Suzuki-kun kakkoii yo ne.
Isn’t Suzuki-kun handsome?

Hito o tasukeru no kakkoii!
It’s cool to help someone!

かっこいい can be also be used to describe clothing, accessories, and things that have a cool style. It’s usually associated with men but can also apply to women. When I think about this word, I imagine motorcycles, rock bands, or cowboy boots! 

Sono kawajan kakkoii ne.
That leather jacket is cool. 

When used towards women, it generally means that the woman is cool. Make sure not to use かっこいい if you want to describe a woman as being attractive in a cute way. 

Hajimete no josei uchuu hikoo-shi nan datte. Kakkoii.
I hear she is the first female astronaut. She is so cool. 

3. キュート – Kyuuto

キュートis an English loan word from the word “cute”. There is a general feeling in Japan that foreign words are especially stylish and trendy. If you’ve been to Japan, maybe you’re familiar with the random English words on T-shirts or in J-pop song lyrics. When the word “cute” is expressed as キュート, it’s often used for advertisements, Japanese idol groups, and things that are fashionable.

Kyuuto na baggu.
A cute/stylish handbag.

4. きれい – Kirei 

This word can be used to describe something or someone that is pretty or beautiful in a casual way. This usually isn’t a word used towards men, and it is more often towards women.

きれい as a compliment for a woman generally sounds more mature than かわいい.

Satou-san tte kirei janai?
Isn’t Satou-san beautiful? 

Another meaning for きれい is clean. It may seem a bit odd that the same word for pretty could mean clean. However, a reason for this double meaning is that Japanese culture values cleanliness.

Heya kirei ni shite!
Clean your room!

5. 美人 – Bijin

The word 美人 is made up of two kanji characters meaning beauty (美) and person (人). Compared to some of the other words, it is simple to use as there is only one definition. It means a “beautiful woman”. This word can have a classy and respectable connotation. 

Burajiru no moderu wa bijin desu.
The fashion models from Brazil are beautiful. 

You can also say 美女 (bijo – beautiful woman).

Bijo no kuni ni ikitai.
I want to go to a country of beautiful women.

And 美男 (binan -beautiful man).

Binan bijo no kappuru tte urayamashii.
I envy beautiful couples.

6. 美しい – Utsukushii

During the Heian period (~7th-10th centuries) in Japan, 美しい was actually used in the same way as the modern かわいい. However, over time it has evolved into meaning beautiful. It is considered a classy word, often used in Japanese writing to express deep beauty. It can be used to describe landscapes, color, sound, people, and art. 

Mone no sakuhin wa iro-zukai ga utsukushii desu.
In Monet’s works, the use of colors are beautiful. 

7. イケメン – Ikemen

After appearing in a magazine around 1999, this word started to gain popularity among the younger generation. It comes from the phrase meaning cool (いけてる) and the word “mens” (メンズ) combining to form イケメン. It’s a slang that is used to describe men that are attractive or hot. It’s usually a word used to gossip or talk between friends. Keep in mind that it’s not too common to tell someone directly that they are イケメン。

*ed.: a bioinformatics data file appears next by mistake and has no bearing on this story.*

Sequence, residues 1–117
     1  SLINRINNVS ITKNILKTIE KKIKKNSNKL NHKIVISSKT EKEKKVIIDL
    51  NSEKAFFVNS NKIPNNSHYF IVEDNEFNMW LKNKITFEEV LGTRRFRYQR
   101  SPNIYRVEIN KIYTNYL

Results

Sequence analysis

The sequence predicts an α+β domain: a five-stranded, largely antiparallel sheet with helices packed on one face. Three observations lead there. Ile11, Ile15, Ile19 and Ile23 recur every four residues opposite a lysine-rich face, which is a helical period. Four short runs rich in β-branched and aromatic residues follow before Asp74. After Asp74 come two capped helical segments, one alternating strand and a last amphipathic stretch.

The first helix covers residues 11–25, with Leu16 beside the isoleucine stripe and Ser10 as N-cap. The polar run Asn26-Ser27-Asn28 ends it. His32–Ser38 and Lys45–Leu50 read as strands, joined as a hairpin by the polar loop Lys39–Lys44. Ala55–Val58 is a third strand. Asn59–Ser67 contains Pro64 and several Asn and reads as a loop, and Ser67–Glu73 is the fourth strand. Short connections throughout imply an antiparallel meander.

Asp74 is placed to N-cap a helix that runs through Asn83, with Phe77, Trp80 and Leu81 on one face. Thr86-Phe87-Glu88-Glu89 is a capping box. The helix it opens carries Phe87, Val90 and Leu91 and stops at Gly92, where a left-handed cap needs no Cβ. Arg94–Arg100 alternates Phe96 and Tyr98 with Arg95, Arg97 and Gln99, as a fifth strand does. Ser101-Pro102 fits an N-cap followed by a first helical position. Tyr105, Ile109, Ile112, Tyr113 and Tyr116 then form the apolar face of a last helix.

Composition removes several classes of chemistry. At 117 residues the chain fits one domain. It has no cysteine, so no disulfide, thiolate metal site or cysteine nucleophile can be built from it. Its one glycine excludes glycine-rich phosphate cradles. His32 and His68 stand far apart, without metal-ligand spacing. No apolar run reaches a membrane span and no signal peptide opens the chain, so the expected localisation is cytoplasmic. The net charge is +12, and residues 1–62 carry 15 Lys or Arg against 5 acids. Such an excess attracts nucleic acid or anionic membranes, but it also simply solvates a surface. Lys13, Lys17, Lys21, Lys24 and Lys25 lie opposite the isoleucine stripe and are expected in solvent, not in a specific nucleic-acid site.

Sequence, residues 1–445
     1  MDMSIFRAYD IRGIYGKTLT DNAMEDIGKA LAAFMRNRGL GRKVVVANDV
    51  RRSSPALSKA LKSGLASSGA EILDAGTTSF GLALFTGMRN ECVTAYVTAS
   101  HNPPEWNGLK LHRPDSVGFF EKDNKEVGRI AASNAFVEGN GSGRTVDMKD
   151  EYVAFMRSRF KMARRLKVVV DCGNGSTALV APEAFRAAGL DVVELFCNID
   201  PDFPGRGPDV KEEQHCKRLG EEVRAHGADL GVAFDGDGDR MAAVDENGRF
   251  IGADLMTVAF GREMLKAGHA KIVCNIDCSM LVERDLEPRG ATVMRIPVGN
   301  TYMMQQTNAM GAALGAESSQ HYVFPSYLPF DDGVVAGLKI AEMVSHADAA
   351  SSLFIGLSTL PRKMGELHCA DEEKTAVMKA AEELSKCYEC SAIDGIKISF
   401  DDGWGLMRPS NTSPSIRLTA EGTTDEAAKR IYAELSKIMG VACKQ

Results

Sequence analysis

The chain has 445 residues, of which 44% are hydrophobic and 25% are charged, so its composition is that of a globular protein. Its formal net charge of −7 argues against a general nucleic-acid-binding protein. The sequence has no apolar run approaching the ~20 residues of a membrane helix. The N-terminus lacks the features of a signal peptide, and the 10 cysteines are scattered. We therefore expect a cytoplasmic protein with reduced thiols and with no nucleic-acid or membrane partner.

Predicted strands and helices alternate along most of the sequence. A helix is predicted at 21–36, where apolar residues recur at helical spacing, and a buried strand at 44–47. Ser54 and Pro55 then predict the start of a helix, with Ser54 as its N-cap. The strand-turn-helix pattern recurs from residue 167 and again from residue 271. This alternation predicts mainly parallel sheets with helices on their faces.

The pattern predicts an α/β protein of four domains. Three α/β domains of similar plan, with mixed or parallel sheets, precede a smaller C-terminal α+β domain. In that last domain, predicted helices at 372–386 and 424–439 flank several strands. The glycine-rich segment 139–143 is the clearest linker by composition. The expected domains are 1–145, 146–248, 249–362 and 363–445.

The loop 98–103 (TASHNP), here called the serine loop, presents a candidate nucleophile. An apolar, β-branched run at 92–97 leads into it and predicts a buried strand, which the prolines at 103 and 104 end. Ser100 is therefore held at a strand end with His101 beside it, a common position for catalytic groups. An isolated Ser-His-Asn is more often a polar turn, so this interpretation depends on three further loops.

Sakkaa senshu no kurisutiaano ronaudo wa ikemen.
The soccer player, Christiano Ronaldo, is so hot/cute. 

Guys being “cute” vs. Girls being “cute” 

Now that we’ve gone through the meanings of certain Japanese words and how they relate to the word “cute”, it might be useful to clarify the gender differences. In English we can use “cute” as a word for attraction towards both women and men. However, in Japanese it can be a bit more complicated. Here is an overview! 

  • “That guy is cute”

In Japanese, it’s necessary to be a bit more specific in what you mean by “cute”. It would be unlikely to use かわいい, unless a guy actually had a girly, feminine, and childish look. Instead, choose かっこいい if you think the guy is handsome, cool, or admirable. If you want to be a bit more trendy or if the guy is hot, try using イケメン.

  • “That girl is cute”

When describing women, it’s also important to be mindful of what kind of “cute” you want to express. If the woman is attractive in an adorable, feminine, and innocent way, かわいい would be the way to go. To express that she is beautiful, 美人 or 美しい would be a good choice. If you mean that she’s pretty in a more casual way, use きれい. 

Other ways to translate “cute” to Japanese

There are a few other ways in which “cute” can also be used in English, that might be difficult to translate to Japanese. In certain situations, “cute” is used in a way that means that you’re taking something too lightly. In these situations, it would be translated with あまちゃん.

Atama ga ii to omotteru no? Amachan dane.
Oh, you think you’re smart? That’s cute.

In English, there are also times when “cute” can be used to mean “childish” . In those cases it would be translated with 子供っぽい.

Kono kaigi wa shinken’nanode, kodomoppoi komento wa yamete kudasai.
This meeting is serious, can you stop making cute comments? 

In this way, there are many situations where the word “cute” might have different translations in the Japanese language. As you continue to learn and become familiar with Japanese, you might notice more and more words that could mean something similar to “cute”. Part of the joy of language learning can be the discoveries of new words that can sometimes only exist in another language. I hope this guide has been helpful in mastering the word “cute” in Japanese!